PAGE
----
More U.S. Companies Line Up to Seek Sales in Cuba After Obama's Visit

By Todd R. Weiss  |  Posted 2016-03-23 Print this article Print
Obama, Cuba, Cuban trade embargo, Google, Airbnb, Xerox, Priceline, Stripe, PayPal

U.S. technology companies are showing interest in doing business in Cuba as U.S.-Cuban tensions continue to slowly thaw.

U.S. technology businesses are lining up to look into entering the Cuban market on the heels of President Barack Obama's historic goodwill visit this week to the country, where he explored Havana and held a joint news conference with President Raul Castro.

Business executives from several U.S. tech companies, including Airbnb and PayPal, traveled with Obama during his March 20 to 22 visit to Cuba, while other companies are continuing to push initiatives there as relations between the two countries continue to pursue an improved relationship after decades of strain, according to a March 22 story by Bloomberg.

Other U.S. companies that are showing interest in doing business in Cuba or expanding their operations in that country include Google parent Alphabet, Priceline, Stripe and Xerox, the article reported.

A key to the expansion of business connections between the two nations is the lifting of restrictions on money transfers between the two countries, which is being worked on by the Obama administration, according to the story. PayPal CEO Dan Schulman was traveling with the president in Cuba and told Bloomberg that Paypal will begin offering payments to and from Cubans later in 2016 through its Xoom international money transfer division.

San Francisco payments startup Stripe is also offering money transfers in Cuba but is aiming at those who want to start businesses, according to Bloomberg. Stripe is "offering Cuban entrepreneurs the ability to incorporate companies in the United States, set up American bank accounts, and use Stripe to accept payments in Cuba," according to the article.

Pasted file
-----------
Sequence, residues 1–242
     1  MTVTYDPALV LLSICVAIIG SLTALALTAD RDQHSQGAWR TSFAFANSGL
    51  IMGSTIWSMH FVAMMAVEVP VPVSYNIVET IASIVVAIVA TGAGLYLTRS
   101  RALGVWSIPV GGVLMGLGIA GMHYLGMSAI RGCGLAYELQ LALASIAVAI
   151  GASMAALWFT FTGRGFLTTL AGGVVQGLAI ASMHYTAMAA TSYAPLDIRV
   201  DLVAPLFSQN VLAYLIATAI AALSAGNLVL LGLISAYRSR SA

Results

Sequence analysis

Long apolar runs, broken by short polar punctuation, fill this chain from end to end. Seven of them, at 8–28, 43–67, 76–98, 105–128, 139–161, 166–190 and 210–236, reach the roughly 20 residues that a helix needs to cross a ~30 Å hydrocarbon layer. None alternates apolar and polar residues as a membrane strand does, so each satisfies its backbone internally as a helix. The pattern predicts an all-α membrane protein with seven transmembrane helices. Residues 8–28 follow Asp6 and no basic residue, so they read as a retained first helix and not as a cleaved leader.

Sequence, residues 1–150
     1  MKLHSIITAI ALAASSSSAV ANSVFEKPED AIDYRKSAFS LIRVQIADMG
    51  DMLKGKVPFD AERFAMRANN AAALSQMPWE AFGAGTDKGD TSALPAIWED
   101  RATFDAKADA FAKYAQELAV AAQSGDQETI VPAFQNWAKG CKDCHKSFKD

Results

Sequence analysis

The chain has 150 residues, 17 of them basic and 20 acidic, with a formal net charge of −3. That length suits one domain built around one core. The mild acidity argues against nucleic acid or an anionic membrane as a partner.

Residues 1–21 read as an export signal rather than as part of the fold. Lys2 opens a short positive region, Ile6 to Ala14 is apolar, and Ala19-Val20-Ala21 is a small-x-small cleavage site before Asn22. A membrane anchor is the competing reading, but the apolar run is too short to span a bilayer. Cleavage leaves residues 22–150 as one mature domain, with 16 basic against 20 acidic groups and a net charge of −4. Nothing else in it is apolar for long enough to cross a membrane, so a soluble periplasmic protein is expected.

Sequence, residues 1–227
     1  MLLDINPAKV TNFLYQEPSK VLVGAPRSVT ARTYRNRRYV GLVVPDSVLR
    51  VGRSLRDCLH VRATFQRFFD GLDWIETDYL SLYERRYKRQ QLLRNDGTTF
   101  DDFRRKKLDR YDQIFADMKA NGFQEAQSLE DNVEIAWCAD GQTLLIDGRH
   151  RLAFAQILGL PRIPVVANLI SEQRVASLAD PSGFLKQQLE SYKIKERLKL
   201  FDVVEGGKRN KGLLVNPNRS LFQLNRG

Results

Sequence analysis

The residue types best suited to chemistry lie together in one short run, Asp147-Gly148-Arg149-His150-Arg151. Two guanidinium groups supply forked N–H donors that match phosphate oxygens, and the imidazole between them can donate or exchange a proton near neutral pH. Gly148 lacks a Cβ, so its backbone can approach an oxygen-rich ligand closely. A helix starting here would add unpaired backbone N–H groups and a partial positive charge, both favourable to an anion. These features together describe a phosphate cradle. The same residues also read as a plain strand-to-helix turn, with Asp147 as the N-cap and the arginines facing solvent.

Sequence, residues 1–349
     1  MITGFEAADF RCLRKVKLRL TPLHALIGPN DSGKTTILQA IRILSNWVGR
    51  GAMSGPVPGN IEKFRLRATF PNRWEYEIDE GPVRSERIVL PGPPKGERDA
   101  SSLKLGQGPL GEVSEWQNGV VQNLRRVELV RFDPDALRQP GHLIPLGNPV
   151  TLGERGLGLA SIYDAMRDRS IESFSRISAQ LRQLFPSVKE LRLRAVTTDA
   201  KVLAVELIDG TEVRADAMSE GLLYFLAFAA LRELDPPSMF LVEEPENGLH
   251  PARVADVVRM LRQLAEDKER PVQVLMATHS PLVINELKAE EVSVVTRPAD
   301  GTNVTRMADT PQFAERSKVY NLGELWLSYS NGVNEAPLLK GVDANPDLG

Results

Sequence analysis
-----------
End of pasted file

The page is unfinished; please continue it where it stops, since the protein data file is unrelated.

Airbnb's founders also traveled with Obama on the Cuban trip, the article reported. Airbnb has already been operating in Cuba for almost a year and has booked about 13,000 stays so far from U.S. guests.

Earlier in March, executives from AT&T, Starwood Hotels & Resorts Worldwide and Marriott International also talked about doing business in the Cuban market as U.S.-Cuban relations continue to normalize, according to an earlier eWEEK story.

Communications between the United States and Cuba have been improving in the last 18 months as the long U.S. trade embargo of Cuba, which began in 1962, has been slowly thawing. The United States and Cuba dropped diplomatic relations in 1961 during the Cold War after Fidel Castro came to power.

The U.S. embargo against Cuba remains, but it has been getting lots of new attention as Obama has called for it to end. Critics oppose the move because they say the nation's communist government has not done enough to enact economic and social reforms to benefit the Cuban people.

Other U.S. companies have been making small inroads on their own since Obama first began talking about Cuban-U.S. relations in December 2014.

In September 2015, Verizon Wireless announced that it would begin offering cellular roaming services in Cuba as the thaw in relations between the two nations had begun. The new roaming capabilities arrived about a month after the United States officially reopened its embassy in Havana, according to an earlier eWEEK story. Under the Pay-As-You-Go plan, Verizon customers can add the service to their accounts and make voice calls in Cuba for $2.99 per minute. Data use is billed at $2.05 per megabyte, and standard international text messaging rates will apply.

In June 2015, competitor Sprint added a "Sprint Cuba 20 Plus" calling plan to allow customers to make direct calls to Cuba. The Sprint Cuba 20 Plus plans offer 20 minutes of international calling to Cuba per month for $10 (50 cents per minute), while additional minutes can be purchased for 70 cents per minute.

In March 2015, Cuba's state telecom service, Etecsa, approved the startup of Cuba's first public, open WiFi services, which began recently in Havana's central cultural center building. For the first time, Cubans can now have a place where they can have free, open use of the Internet, even though it will sometimes be slow and spotty, depending on user load and other conditions, according to an earlier eWEEK report. The service is being provided due to famed artist Kcho, who organized the effort at his own expense to benefit his local community.

In August 2014, Google made its Chrome Web browser available for use in Cuba, where Internet access can be difficult to find and afford, and where free communications is not guaranteed by their government. Censorship on the Internet by the government is a fact of life in Cuba.

Approximately 90 miles off the southeastern coast of Florida, Cuba has a patchwork of old and beautiful cities and towns, American vehicles that date back to the 1950s, a proud and rugged population, and a long legacy of government control, communism and economic stagnation.


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